Niels Albert


The number 2 in CX.Has been World Champion twice.


The best sand crosser of this generation. He can drop anyone in loose sand. He's also a great TT'er. One he gets a 5" gap, it's really hard to catch him back.


Slow sprinter

Fun fact

He got married his summer. The old cycling traditions say that riders always get stronger (more relaxed in their heads) after their marriage.


Dieter Vanthourenhout; Philipp Walsleben and Wietse bosmans are pretty good too.

Kevin Pauwels


As talented and versatile as Nys, but he lacks the mental strength and the consistency of the old dude.


Technically he's extremely good. Really fast sprinter.


Not great in the sand and mentally not the strongest rider too. He had tons of mechanicals last year.

How to recognize him?

He's one of the two Sunweb riders you'll see. Actually he's the only one you might recognize in the Sunweb kit as Klaas Vantornout wears the Belgians Champ kit.

Fun fact:

Dumped his trainer a few weeks ago. He sent him no more than a text message. Says 'yoah' at least 15 times in every pre and post race interview.

Klaas Vantornout


Belgian champ, good on all kinds of courses and always good interviews.


Fast starter, consistent, versatile and the best runner of this generation (look at these legs!)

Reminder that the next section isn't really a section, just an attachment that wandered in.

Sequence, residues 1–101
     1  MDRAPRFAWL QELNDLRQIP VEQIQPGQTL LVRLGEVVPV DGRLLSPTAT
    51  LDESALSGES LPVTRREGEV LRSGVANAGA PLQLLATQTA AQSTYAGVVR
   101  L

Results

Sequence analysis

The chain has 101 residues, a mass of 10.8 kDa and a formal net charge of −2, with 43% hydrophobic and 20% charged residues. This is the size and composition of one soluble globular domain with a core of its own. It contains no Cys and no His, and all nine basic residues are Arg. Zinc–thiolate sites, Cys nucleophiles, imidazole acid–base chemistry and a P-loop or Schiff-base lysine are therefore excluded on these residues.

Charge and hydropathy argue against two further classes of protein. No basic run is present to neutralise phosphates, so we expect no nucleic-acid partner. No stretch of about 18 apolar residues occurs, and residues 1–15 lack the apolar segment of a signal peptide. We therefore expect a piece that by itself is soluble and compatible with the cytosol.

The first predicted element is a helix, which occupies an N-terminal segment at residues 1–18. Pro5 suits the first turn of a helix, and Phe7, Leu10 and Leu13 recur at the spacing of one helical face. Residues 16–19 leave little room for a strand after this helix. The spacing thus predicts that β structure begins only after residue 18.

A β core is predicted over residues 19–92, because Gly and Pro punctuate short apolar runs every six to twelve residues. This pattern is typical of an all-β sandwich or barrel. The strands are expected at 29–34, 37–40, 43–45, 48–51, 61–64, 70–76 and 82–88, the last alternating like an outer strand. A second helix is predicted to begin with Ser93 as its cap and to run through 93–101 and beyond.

He often starts fast and falls back in the 2nd part of the race.

How to recognize him?

The Belgian kit.

Lars van der Haar


The biggest talent in CX.


Gutsy rider, versatile and really fast at the finish. Fast starter too.


He still lacks a bit of power.

How to recognize him?

The Dutch kit.

Tom Meeusen


An attractive rider, but he lacks the pure strength of the top guys.


Technically brilliant, the best rider on snow and ice. He'll bunnyhop everything you throw at him.


Small engine.

How to recognize him?

The Telenet-Fidea kit, the bunnyhopping and, of course, the fantastic sufferfaces.


Rob Peeters and Bart Wellens. All three of them are capable of finishing on the podium of big races and even smaller ones. Wout Van Aert is a neo pro, but seems very talented.

Bart Aernouts


The best smile in CX.


A real fighter.


Never wins races.

How to recognize him?

The smile!


Thijs Van Amerongen, pretty similar rider.